More resent research have included the use of archaeology among their evidence, which have brought a whole new debate about this period, a debate we here don’t have time nor place to give you full update on, but the main thing you need to know is that everything isn’t always what it seem. It is in this environment many new articles and books have been publishes as a contribution to the search for the “truth” about the conversion in Scandinavia. Among the recent and valuable contributions to the topic is Anne-Sofie Graeslund’s and Jørn Staecker’s articles in the 2003 book ‘The Cross goes North’. Yet both seem to apply their research and findings to the entire region even though they are only from a very small area, respectively from Birka in Sweden and parts of Denmark and these areas are both very well-connected with the continent through trade and other connections. They were also the areas where German and Carolingian missionaries worked in 9th century. It has to be said, both articles were primarily concerned with the role of women in the conversion of Scandinavia, and their belonging in the new faith. Although these articles do stand fast in their conclusions and in their own right is worth reading, I believe that their generalization for all of Scandinavia based on the few sources and the little spread of evidence geographically might suggest that further research is needed, or that it need to be reevaluated. For there seem to be little if no evidence from Iceland or the western parts of Norway areas which traditionally have been associated with each other.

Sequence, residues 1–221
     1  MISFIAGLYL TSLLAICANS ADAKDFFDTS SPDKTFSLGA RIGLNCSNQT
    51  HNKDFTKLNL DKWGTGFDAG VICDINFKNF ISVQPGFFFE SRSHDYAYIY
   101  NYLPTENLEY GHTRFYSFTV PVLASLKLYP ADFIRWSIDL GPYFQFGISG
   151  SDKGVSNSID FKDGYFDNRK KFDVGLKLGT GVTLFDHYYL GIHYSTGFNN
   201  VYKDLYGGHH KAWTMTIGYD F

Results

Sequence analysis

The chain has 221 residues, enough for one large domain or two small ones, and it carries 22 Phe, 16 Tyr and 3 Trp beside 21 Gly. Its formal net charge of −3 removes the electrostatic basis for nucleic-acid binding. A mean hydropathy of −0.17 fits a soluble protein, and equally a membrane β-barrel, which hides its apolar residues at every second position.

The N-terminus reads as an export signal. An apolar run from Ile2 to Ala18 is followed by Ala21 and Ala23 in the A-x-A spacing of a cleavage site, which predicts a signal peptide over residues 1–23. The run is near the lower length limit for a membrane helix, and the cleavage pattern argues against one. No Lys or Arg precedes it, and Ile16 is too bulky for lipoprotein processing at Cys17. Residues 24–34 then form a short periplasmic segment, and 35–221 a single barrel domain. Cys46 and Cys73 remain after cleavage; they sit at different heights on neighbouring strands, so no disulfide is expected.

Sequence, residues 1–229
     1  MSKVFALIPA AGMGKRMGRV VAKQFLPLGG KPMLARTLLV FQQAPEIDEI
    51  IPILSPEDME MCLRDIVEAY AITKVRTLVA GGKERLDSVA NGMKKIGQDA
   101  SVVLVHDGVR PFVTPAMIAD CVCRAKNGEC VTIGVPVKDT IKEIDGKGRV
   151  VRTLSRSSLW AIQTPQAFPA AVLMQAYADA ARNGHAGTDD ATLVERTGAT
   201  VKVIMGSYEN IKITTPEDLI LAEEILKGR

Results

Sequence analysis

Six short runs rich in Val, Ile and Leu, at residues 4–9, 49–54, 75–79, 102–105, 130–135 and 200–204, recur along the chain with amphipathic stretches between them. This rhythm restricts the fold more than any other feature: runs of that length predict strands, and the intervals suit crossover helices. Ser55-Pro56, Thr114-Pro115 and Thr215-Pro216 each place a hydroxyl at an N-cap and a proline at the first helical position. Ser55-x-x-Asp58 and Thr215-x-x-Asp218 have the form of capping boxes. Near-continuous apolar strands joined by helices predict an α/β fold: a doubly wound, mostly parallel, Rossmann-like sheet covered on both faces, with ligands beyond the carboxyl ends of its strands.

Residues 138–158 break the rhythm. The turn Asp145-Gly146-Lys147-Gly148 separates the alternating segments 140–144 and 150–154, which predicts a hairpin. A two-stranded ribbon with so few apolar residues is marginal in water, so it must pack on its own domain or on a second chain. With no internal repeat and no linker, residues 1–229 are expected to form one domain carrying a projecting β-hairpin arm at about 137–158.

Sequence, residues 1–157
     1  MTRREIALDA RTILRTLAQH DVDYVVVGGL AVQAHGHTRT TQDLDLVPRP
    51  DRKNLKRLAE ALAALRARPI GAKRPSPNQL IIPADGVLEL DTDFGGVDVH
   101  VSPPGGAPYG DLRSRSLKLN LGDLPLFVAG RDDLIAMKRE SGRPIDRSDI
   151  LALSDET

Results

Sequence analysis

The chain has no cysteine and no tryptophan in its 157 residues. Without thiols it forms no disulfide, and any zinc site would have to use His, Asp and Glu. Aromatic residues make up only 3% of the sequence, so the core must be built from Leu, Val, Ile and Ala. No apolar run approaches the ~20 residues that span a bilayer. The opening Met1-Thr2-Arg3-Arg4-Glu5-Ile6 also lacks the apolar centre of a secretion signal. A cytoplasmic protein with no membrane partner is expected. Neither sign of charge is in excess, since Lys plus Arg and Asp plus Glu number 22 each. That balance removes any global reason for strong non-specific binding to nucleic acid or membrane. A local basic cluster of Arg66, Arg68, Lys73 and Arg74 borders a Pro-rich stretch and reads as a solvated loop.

In a recent study the author(me) found that be looking at the evidence supplied through the Sagas and other medieval literature from Iceland and comparing this with the archaeological reminds found on Iceland and in the four western Counties in Norway; Møre og Romsdal, Sogn og Fjordane, Hordaland and Rogaland, one can see that the conclusion that Scandinavian women were attracted to Christianity at an early age, based on Graeslund and Staerker’s articles, might not fit with the situation for the western parts of Scandinavia which was closed connected to the British Iles then to the continent, after all a large number of settlers to Iceland came either through Scotland Ireland and England or the Hebrides, Orkney’s, Shetland and Faeroe Islands, which at the point were among the native population Christian, at least in the name. This suggest that many settlers who came to Iceland were acquainted with Christianity, and as the sagas and Landnamabook suggest, among these were some Christians who were both baptized and had received communion, among these the majority were women, though it seems from the same sources that religion did not at this point restrict the marriage marked for the settlers or their counterparts in the British Isles, for it is suggested that there were marriages were one was belonging to the traditional beliefs and the other were Christian, in these cases it was most likely that the Woman would be Christian and would bring her religion with her to their new home on Iceland. Although these evidence are good in themselves there is one slight problem; so far it have not been found any Christian burials, not male nor female, in Iceland that dates before 980 A.D., so therefore it have been suggested that after the first generation of Christian settlers the Christian minority on Iceland took on the costumes of the pagan majority, and adapted to the political and cultural climate on the island to survive. It have been suggested that since burials are done after the deceased is passed, they might not reflect the religious views, beliefs and practices held by the deceased, but rather by their family which is left behind, this might explain why we so far have not found any Christian burials on Iceland. Yet it have to be mentioned that the majority of the burials on Iceland are not what one would expect from a Viking burial; large mounds with ships and lots of goods, they are rather more sparsely equipped, and the majority are also found by share luck due to earth erosion or construction work. Some archaeologists have suggested and believe that the tradition of flat ground burials, i.e. burials underground without a mound, are influences of Christianity, and the same is said about the lack of grave goods. If these are true then we might have to reevaluate the theory about the re-conversion back to paganism due to the political and cultural climate on the Saga island before the conversion in 999/1000. Already here we can see that the once straight forward conversion story of the north might be more complex than first believed, for aren’t these evidence killing each other?